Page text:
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Butterflies and Moths

 
The new book, Butterflies of the Cayman Islands by Richard Askew and Ann Stafford is available for sale at the National Trust and other local outlets in the Cayman Islands. It includes detailed information and beautiful color photographs and is an invaluable resource for gardeners, students, parents and nature lovers. It is also available on-line internationally from Apollo Books - www.apollobooks.com/cayman.htm
GreenButterfly
Look for the booklet: LANDSCAPING WITH CAYMAN ISLANDS NATIVE PLANTS FOR BUTTERFLIES AND WILDLIFE - Sold through the National Trust for the Cayman Islands. Come to the Visitor Center in the Dart Family Park 558 A South Church St. on Grand Cayman to purchase this booklet and other books and products relating to the Cayman Islands natural and cultural history.  
 
 
Please see:  
clear Photos by Tom Poklen, with thanks click < here >
  See the info about the Milkweed Butterflies click < here >
  The Black Witch moth click < here >
  Butterfly Poster Information click < here >
  Butterfly Information (Dr. Dick Askew and his wife Tish) click < here >
  Where to Find Butterflies: Captain George Dixon Park click < here >
     
  Page of Stamps of the Cayman Island featuring butterflies click < here >
  Our section on Butterfly Plants on our plants page click < here >
 

photos by Tom Poklen, with thanks
Cayman Zoe Julia
 
Cuban Red Leaf Bfly
 
White Peacock
 
Crescent Spot
 
Mangrove Buckeye
 
Great Southern White
 
Sugar Cane Skipper
 
Cassius Blue
 

Family: DANAIDAE - The Milkweed Butterflies

 

Monarch, Queen & Soldier Butterflies

Cayman Islands species:

Danaus eresimus plexippus,
Danaus gilippus berenice,
Danaus eresimus tethys

They are called Milkweed Butterflies because their larval food plants are Milkweeds – Asclepiads - plants containing a white latex - "milk" toxic substances are incorporated into their bodies, which are distasteful to bird & lizard predators.   

 

Danaus eresimus & Danaus gilippus

   
 
Soldiers & Queens

Soldiers: Hindwing underside with postdiscal series of faint pale spots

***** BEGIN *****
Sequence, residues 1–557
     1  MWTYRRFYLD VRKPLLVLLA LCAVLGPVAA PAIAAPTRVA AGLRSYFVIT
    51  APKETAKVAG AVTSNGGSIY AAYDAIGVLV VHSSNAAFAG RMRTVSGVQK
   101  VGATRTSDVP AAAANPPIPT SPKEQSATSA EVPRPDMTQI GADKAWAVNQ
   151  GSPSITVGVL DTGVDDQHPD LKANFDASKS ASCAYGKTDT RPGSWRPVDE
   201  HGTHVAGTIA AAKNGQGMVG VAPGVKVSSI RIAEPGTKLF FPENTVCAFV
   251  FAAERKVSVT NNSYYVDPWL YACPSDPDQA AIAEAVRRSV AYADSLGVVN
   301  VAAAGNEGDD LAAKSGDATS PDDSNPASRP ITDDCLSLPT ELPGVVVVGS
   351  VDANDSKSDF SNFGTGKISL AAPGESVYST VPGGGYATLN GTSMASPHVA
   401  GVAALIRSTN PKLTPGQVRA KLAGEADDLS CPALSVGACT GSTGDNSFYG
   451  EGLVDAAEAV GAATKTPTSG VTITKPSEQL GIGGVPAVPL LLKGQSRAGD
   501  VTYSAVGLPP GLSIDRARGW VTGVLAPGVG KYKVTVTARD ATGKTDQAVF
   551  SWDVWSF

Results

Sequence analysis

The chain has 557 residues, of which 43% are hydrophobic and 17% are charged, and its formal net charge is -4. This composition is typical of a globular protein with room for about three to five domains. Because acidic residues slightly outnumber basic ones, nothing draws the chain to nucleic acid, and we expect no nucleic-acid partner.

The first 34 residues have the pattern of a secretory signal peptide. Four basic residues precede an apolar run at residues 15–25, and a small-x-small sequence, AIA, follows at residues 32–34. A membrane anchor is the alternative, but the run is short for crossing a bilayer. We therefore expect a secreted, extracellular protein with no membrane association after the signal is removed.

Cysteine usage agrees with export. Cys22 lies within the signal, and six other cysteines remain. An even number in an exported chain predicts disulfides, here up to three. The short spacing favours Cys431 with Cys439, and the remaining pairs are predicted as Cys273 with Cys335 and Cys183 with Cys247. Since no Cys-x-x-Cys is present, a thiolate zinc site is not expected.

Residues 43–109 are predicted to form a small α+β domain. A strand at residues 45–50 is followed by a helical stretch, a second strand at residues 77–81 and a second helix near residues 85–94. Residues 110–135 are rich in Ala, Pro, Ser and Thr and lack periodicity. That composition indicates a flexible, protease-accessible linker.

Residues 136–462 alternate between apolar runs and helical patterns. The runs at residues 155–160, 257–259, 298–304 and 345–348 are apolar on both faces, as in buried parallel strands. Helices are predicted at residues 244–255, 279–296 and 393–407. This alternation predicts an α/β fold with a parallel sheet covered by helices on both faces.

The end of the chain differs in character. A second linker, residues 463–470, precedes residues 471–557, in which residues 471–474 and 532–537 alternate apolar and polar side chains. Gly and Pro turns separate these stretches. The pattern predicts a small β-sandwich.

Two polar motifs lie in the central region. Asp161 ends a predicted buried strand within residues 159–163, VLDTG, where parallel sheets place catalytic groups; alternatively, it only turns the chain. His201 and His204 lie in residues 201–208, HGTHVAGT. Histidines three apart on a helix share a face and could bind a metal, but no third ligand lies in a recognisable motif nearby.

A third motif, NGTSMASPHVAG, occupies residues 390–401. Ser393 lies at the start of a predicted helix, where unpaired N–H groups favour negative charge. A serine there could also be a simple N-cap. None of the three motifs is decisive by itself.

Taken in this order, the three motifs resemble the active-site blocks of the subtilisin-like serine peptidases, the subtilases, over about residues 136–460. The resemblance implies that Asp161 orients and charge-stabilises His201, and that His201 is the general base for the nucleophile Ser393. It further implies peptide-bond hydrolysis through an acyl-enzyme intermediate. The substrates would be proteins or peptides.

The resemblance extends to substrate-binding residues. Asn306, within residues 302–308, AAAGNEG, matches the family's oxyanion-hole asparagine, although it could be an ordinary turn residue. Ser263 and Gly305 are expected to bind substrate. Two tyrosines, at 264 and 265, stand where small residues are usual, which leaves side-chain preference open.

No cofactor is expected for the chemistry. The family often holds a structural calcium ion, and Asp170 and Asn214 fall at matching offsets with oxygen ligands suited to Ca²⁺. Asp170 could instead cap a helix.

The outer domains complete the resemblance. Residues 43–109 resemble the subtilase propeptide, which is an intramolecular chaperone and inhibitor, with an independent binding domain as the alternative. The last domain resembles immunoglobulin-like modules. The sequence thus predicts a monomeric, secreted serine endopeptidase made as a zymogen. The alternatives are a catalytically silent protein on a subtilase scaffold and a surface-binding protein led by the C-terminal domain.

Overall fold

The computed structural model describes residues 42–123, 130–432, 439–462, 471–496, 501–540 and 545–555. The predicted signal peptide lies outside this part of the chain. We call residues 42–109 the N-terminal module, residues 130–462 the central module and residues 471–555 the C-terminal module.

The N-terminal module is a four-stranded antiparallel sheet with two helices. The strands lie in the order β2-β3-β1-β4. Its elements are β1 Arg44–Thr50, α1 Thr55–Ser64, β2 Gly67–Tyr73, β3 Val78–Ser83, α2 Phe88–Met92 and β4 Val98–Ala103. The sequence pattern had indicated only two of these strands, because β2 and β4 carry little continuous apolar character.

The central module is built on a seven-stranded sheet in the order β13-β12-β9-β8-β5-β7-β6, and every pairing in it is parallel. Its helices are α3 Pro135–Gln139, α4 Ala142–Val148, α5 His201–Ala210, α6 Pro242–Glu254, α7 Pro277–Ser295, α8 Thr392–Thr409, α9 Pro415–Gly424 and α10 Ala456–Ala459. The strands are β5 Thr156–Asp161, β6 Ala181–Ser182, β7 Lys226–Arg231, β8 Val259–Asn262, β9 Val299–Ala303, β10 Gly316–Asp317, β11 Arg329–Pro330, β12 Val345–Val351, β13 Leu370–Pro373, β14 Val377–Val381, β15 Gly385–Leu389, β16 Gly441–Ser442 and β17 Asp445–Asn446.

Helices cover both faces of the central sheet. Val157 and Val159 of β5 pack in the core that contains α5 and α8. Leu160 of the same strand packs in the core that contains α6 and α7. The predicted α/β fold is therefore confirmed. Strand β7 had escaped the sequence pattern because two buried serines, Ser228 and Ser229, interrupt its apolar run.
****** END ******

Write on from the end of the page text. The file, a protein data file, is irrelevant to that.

Queens: Have a gap in the white spots on the black band on the edge of the forewing - Soldiers don't. Forewing apex not broadly darkened. Hindwing dark coffee colored 4 – 5mm wide.

Sometimes it's very difficult to tell a Queen from a Soldier!

 

Black Witch moth
 
 
  Black Witch moth Ascalapha odorata - Family: NOCTUIDAE (knock-TWO-i-dee). A large, impressive moth. Adults like rotting fruit. Found esp. in hygrophilic zone (wet, fondness of) – wet areas. They look as though they have lace trim. This photo is possibly a female.
  French West Indian moth website
  Dallas moths
  Caterpillar Hostplants  Candle-Stick Tree (Cassia alata ). Seasonal Flight Data    May-October/November.
  Photos by Renate Seffer - Many thanks to Ann Stafford of CaymAnNature for her research and tireless work for Cayman Islands Butterflys, Moths and their habitats.
   
 

Butterfly Poster Information
 
Please click on the image to the right to download a copy of our latest poster about butterfly plants in PDF format (Adobe's Acrobat Reader).
 

Download Adobe's Acrobat Reader 

 

 
To see our latest butterfly poster, please click on the image to the right to download a copy in PDF format (Adobe's Acrobat Reader).
 

Download Adobe's Acrobat Reader 

 

 
Our Collection of Posters click < here >
 

Butterfly Information
 
Dr Richard R. Askew and his artist/photographer wife, Margaret, visited Grand Cayman, Little Cayman and Cayman Brac to photograph Cayman's wild butterfly population and to update research on butterfly species here for their new book Butterflies of the Cayman Islands. (see top of this page for details). Dr. Askew originally described the Cayman Islands' butterfly species in 1975. He wrote the descriptions for all the Cayman Islands' butterfly stamp issues and Mrs. Askew, affectionately known as Tish, has done both the photography and the artwork for them. Students and interested local naturalists often accompany Dr. Askew while he is working in the field and he makes presentations to the public whenever he is in the Cayman Islands. He established the Insectarium for the National Trust.
 

Captain George Dixon Park
 
The Captain George Dixon Park, East End, Grand Cayman, is a good place to look for Cayman Islands Native Butterflies, especially on a sunny morning. Several Cayman butterfly larval food plants are grown there, (the plants on which the butterflies lay their eggs, and the caterpillars eat when they hatch out,) a necessary component of a varied butterfly garden. There are also colorful flowers from which the adult butterflies sip nectar. Look for a rare Monarch and commonly seen species: Queen, Soldier, Buckeye, White Peacock, Julia, Zebra and Gulf Fritillary, Cayman Lucas Blue, Great Southern White, Cloudless Sulphur, Grand Cayman Swallowtail, Long-tailed Skipper, the Monk, and the dainty little day-flying Duppy Bush moth.
   
 

   
 
Great Southern White (Ascia monuste) - Photos by Lois Blumenthal 
  - top of page -